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Warfarin dispensing error (03HDC13660)

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(03HDC13660, 17 February 2004)

Pharmacist ~ Pharmacy ~ Professional standards ~ Dispensing error ~ Right 4(2)

On discharge from hospital, an 81-year-old gentleman was given a prescription for his multiple medical problems. The patient and his daughter collected the medication from the pharmacy on their way home. The medication was dispensed in blister packs, where all medication to be taken at a particular time is dispensed into individual compartments.

The next day the man advised his daughter that his medication appeared to have changed. Instead of one (3mg) warfarin tablet he now had three tablets. He had never previously been given more than 5mg. His daughter decided not to telephone the hospital because she was never able to get hold of the doctor who prescribed the medication. She advised her father that the doctor must know what he is doing and to take the medication.

Six days later the patient's daughter noticed that her father was bleeding from scratches on his feet, and she telephoned their general practitioner. The general practitioner saw the patient that day and determined that on discharge he had been prescribed only 3mg warfarin. The patient's INR (a blood test to determine clotting time) was greater than 10 (therapeutic range 2.0-3.0). The patient was admitted to hospital for administration of vitamin K to reverse the anti-clotting effects. This was successful but the patient's previous medical problems resurfaced and he died several weeks later.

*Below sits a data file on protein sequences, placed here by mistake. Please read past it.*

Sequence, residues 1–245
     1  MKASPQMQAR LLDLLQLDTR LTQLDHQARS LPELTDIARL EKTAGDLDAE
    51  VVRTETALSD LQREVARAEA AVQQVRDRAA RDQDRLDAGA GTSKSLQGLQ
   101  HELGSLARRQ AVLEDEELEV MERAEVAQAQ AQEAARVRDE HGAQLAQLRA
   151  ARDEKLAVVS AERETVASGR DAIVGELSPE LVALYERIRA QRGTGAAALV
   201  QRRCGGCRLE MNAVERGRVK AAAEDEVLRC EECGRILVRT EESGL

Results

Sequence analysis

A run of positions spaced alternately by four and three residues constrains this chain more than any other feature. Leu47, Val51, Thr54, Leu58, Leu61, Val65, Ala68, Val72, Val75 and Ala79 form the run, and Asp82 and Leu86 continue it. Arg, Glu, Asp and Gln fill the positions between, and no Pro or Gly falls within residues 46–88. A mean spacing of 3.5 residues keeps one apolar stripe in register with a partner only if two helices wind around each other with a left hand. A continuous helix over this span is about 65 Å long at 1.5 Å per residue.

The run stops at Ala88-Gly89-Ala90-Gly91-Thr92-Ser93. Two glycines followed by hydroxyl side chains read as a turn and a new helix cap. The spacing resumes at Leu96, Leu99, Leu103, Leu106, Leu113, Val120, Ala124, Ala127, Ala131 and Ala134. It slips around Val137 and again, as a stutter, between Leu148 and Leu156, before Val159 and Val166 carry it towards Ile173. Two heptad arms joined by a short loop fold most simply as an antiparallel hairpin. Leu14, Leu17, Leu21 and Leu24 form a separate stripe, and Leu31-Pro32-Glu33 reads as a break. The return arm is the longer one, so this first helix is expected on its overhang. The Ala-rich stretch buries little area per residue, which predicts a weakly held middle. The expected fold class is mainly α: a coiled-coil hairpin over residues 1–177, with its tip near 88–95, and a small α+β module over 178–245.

The patient's daughter raised the matter with the pharmacist, who accepted the error and was upset and apologetic. He had incorrectly entered the figure 3 into the computer to denote how many 3mg tablets were required each day. The pharmacist also failed to check the print-out against the prescription, and had made up the blister packs against the print-out rather than the prescription, contrary to the pharmacy's dispensing policy. He was held to have breached Right 4(2).

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